We know it is the Lord’s evaluation which matters in the end. We want to encourage each other, but above all, pray for each other, for God’s greatest good, God’s best in each life. Knowing the Lord is able to make us stand in his grace, and go on, with the goal of hopefully being more and more formed into his likeness.

who is the final judge?

I think often we Christians don’t do well to try to win arguments, and yet on the other hand, I think there is a place for argumentation as in trying to persuade someone else. So it depends on what our motive is, as well as the soundness of our position which we are sharing.

Sometimes we all too easily step aside because we are so impressed with another who is arguing their point. Part of the world I live in, actually now I think a significantly smaller part than it used to be, is thinking through aspects of theology. This aspect of the Christian theological world is seen in books such as Four Views on the Apostle Paul (Counterpoints: Bible and Theology) (Michael F. Bird (Author), Stanley N. Gundry (Series Editor), Thomas R. Schreiner (Contributor), Luke Timothy Johnson (Contributor), Douglas A. Campbell (Contributor), Mark D. Nanos (Contributor). I would love to have the time to read this book and think through its contents. I would land somewhere, but in the process of landing I may be quite impressed with some of the arguments set forth by more than one of the contributors, so that in the end, even though I’m settled on a position, I am keeping other counterpoints in mind. Such is the world of theology, biblical studies, theologians and Bible scholars.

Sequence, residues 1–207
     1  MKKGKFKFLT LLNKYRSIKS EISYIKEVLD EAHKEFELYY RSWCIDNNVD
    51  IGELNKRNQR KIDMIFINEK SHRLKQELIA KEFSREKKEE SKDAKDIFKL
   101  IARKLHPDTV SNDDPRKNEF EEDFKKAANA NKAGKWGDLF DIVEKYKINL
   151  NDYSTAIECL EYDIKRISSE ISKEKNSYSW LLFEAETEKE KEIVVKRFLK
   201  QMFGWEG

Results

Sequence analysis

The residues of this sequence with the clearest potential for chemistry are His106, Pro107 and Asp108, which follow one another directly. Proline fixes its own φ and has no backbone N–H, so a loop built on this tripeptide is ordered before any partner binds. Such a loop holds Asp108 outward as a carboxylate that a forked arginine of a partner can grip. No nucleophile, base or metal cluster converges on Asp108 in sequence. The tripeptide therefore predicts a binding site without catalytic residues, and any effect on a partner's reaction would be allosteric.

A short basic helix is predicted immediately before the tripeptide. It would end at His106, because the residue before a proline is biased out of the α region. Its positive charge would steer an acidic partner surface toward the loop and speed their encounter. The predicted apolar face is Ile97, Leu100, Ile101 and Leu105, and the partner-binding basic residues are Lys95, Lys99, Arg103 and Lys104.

In other places we seek to live well: in everyday matters, in special situations, in reference to issues or problems that come our way. Hopefully in collaboration with others, or at least from what wisdom we’ve gathered from others we make a judgment and go with it. That is part of God’s will for us that we do the best we can to prayerfully discern his will, what is best, or what is good for a particular situation, occasion, or issue.